That said, I don’t know that familiarity with Vance’s SF books is absolutely necessary prior to play. Tons of people seem to have come first to games, and thereafter to the fiction that inspired it (whether it’s Call of Cthulhu players reading first Lovecraft’s work and then that of his coterie, or D&D players who’ve returned to Gygax’s “Appendix N”), so who am I to say? (Indeed, I haven’t read much Vance myself: the only full book I can name is The Gray Prince, which I read back in 2014 (as I mention in passing here) but didn’t really love.2 Yes, yes, I plan on rectifying my under-reading of Vance’s work, but I don’t know if it’s necessary for running this game.) 

In any case, the next section of the book gives a quick rundown, with examples, of how the rules work in this iteration of the Gumshoe system. Having played a short campaign of Trail of Cthulhu, as well as having listened all the way through the (surprisingly excellent) Nights Black Agents actual play “Tribes of Tokyo,” most of this was familiar to me already, though I did trip on a few specific rules.

What tripped me up specifically were a few of the rules about specific tests and contests, such as the following:

  • Success… at a Price (page 32): GMs can rule that a failure is still a success, but a success with a complication added. Not so radical, but it does suggest that there are instances where “failure” can actually  be a dead end. Is this true? (The answer, I suspect, depends on the creativity of the GM and players, and the flexibility of one’s scenario design.)
  • Obstacle Costs (page 34): If players succeed with a roll for a task that would be unsatisfactory for the narrative, you can put up a surprise barrier against success after the roll. The explanation is that in Jack Vance’s novels, protagonists often encounter their antagonist early on, but fail (because of narrative constraints) to bag the baddie at that point, and that this is basically a player-facing equivalent of the Fortunate Avoidance mechanic. Which, okay, in movies and books that works, but the example given is that a player sees Quandos Vorn, shoots at him and (as she’s a firearms specialist, and the player spends a lot of points) hits him dead on… but, after the roll, surprise, the GM levies a 9 point Obstacle Cost for the shot! The player then needs to spend (and thus to have) sufficient tokens to beat the obstacle cost, or the shot fails… because the storyline needs it to. Granted, a player in this situation gets refunded the points she spent, but… is this satisfying? On the page it reads as very abstract and obnoxious at once, though maybe in play it wouldn’t be. Still: I’d likelier improvise an explanation in the narrative.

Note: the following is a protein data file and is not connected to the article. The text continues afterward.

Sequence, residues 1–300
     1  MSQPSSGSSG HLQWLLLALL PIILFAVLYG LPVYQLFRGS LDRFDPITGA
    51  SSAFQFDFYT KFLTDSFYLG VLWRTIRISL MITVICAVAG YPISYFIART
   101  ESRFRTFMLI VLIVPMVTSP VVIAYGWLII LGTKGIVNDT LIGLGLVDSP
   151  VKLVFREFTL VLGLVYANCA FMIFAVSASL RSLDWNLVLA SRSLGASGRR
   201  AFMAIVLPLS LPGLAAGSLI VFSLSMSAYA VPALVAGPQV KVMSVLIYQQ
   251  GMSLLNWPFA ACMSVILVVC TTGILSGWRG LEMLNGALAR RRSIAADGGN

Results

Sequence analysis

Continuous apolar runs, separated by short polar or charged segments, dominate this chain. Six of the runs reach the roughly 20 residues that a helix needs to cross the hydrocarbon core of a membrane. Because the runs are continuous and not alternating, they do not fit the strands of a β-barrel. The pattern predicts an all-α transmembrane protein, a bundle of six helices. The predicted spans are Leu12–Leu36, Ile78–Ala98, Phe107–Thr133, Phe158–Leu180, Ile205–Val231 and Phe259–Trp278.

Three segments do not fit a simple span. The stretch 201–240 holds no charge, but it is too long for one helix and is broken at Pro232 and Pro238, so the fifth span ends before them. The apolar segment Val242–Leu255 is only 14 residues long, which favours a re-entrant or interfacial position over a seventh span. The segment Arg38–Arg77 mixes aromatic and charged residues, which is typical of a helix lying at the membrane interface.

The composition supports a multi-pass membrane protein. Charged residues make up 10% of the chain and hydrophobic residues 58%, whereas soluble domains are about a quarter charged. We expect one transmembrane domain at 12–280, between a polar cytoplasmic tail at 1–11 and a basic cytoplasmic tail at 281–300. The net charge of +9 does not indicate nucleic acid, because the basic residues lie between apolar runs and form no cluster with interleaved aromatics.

• Zero Sum Contests (page 36): This is mostly okay: it’s just that sometimes, something good or bad is going to happen to one of the characters, so the GM announces a Zero-Sum contest to figure out who gets the benefit or suffers the bad event. The example is that characters are fleeing a dangerous machine, and the GM decides that, for the purposes of the story, someone needs to get caught by it. Everyone makes Athletics checks/spends, and the loser gets caught… and, here’s the bit that caught my eye, in the case of ties across the board, the GM should choose the winner or loser “based on story considerations.”  Again, I feel like the player of the character chosen this way is likely to feel this is unfair… or am I not giving players enough credit?

The commonality for all three was that I suspect that if I were a player and a GM did the things being advised in any sort of overt way, I’d feel pretty annoyed.

  • If I shot a bad guy dead on and my GM said, “Cool, but you need to spend nine tokens, and you only have four, so you automatically fail… but here are your spent points back!” I’d be annoyed. I wouldn’t, though, if the GM instead let me hit what I thought was the bad guy, but finally turned out to be a cheapo decoy droid or hologram… and then refunded most of my spent points back instead… or even if the GM simply declared that the villain had spent several tokens for a Fortunate Avoidance of his own.